In The Marksman, Liam Neeson plays Jim Hanson, a former Marine living in Naco, Arizona, within spitting distance of a border fence. This means that he can phone local authorities when he sees a new crew of “I.A.’s” making their way into the country, on the one hand, and offer water to the stragglers left behind to fend for themselves after that merciless crossing, on the other. So: unquestionably law-abiding, but also, in excess of what the law requires, notably humane. The first thing we see him do is shoot a coyote — the animal, that is, not one of those doomed and frequently dangerous smugglers of desperate migrants across the border. But the double meaning is clear.
You suspect that Jim would probably prefer above all to be left alone on his ranch to sulk with his dog, Jackson. His daughter, Sarah (Katheryn Winnick), works for border patrol. Good for her. His wife, meanwhile, has recently passed away after a long and brutal illness. And now, more trouble: A young boy named Miguel (Jacob Perez) runs out in front of Jim’s dusty blue Ford pickup, his mother not far behind him. There’s a crew of cartel assassins on their tail. And, well, the inevitable happens. A shoot-out, an unexpected killing: Hanson is Miguel’s de facto guardian, now, with a mother’s dying wish — get the boy to family in Chicago — on his conscience. And a bag of someone else’s money in his front seat.
The Marksman is a borderland action weepie, a Liam Neeson movie in a Clint Eastwood costume. But what every Eastwood movie lacks is the humor of an Irish actor whose accent remains defiantly, subtly Irish, no matter how hard he tries (if indeed he does try). Eastwood movies also tend to be “better”: sharper, weirder, more fraught, if not always less predictable. Whereas Neeson — with the likes of the Taken franchise under his belt — is the 21st century’s granddaddy of American Dad Action. Mix the two and you get … something! Not a great movie, but courtesy of director Robert Lorenz, a lean, plausibly entertaining one with all the fixin’s and none of the extra flab of deep, incisive meaning. It’s a buddy movie, a cartel chase, a sentimental redemption story. It’s a comfort watch.
The star and the premise are the obvious attractions here, but you have to savor the little things in pulp like this. For example, there’s the ongoing cat-and-mouse dilemma that sustains the plot, with the vicious cartel killers, led by Maurico (Juan Pablo Raba, suitably dangerous, even fun to watch), taking no prisoners and offering near-nothing in the way of personal qualities beyond chewy villainy. But this is a movie whose real soul is in the image of Neeson with an American flag draped over his shoulder, the Arizona plains playing a parched but handsome backdrop to his life. Or in him telling a stooge from the bank about his wife’s ashes buried just yonder on his property — a way of getting a little sympathy for his late mortgage payments. (Her illness is what bankrupted him.) The movie is steeped in the man’s utter sense of compromise: his drinking problem, the fact that he’s losing his home despite having served his country. It coasts on our awareness of the Tough Choices to come, to say nothing of our sympathy for the circumstances that landed Hanson here.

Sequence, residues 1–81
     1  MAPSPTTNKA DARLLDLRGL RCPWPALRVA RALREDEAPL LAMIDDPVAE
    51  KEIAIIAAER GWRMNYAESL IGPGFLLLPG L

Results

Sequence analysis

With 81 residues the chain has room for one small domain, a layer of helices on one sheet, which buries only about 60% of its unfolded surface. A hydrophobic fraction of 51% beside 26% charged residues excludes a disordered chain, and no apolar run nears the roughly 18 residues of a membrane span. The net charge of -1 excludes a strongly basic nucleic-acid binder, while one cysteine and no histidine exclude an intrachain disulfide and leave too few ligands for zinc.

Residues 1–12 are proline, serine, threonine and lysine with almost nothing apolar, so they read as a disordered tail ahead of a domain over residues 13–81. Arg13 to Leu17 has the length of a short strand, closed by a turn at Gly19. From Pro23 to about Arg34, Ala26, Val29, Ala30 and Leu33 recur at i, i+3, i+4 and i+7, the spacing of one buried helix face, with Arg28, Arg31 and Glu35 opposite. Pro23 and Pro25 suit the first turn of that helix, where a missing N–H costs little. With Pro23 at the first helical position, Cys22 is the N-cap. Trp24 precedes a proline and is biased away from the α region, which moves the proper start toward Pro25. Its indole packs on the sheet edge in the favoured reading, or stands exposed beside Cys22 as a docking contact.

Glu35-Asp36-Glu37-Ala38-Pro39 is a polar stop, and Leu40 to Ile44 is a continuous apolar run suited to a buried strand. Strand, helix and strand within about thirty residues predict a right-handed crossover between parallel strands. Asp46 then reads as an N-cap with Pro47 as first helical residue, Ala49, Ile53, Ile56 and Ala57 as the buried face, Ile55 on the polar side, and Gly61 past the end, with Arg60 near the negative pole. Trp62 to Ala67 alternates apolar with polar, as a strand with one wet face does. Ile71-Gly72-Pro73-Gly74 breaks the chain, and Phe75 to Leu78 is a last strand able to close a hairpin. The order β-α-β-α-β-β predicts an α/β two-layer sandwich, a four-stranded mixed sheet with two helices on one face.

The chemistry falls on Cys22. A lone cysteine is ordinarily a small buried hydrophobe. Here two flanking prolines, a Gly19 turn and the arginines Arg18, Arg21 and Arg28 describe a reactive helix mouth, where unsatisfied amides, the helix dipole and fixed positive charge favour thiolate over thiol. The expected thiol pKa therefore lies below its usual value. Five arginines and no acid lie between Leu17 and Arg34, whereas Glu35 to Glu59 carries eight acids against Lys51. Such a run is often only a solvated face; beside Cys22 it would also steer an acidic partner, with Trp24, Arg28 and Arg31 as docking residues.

The Marksman‘s damnation is its predictability; it’s saving grace is the smattering of small details that ward off self-seriousness. Miguel knows more English than Jim at first assumes (a light punchline) and is a sprightly, responsible whippersnapper who walks Jim’s dog when the man is too drunk. Obviously the movie has a stirring, infuriating political crisis at its heart — and it isn’t here to shout out against that crisis outright so much as make due. The Marksman’s politics are old-school cowboy politics: less compassionate conservatism than compassionate vigilantism. Lorenz’s direction is swift, capable, and to the point, and he sells us on this idea pretty effectively. “I already called the cavalry,” Jim says, at one point, to the cartel brutes. “So I suggest y’all just … turn around and adios.” (A good, cheesy line; the movie’s full of them.)
What starts off as a beleaguered portrait of a dead-end frontier hero soon reminds us that violence in the name of moral goodness trumps all. In the end, not even the cops can be trusted. The odds are stacked so heavily against the hero that the ending is damned to be bittersweet. How could it be anything but? Men like Jim are a dying species, the movie seems to say. Then it points to Jim himself and says: Case in point.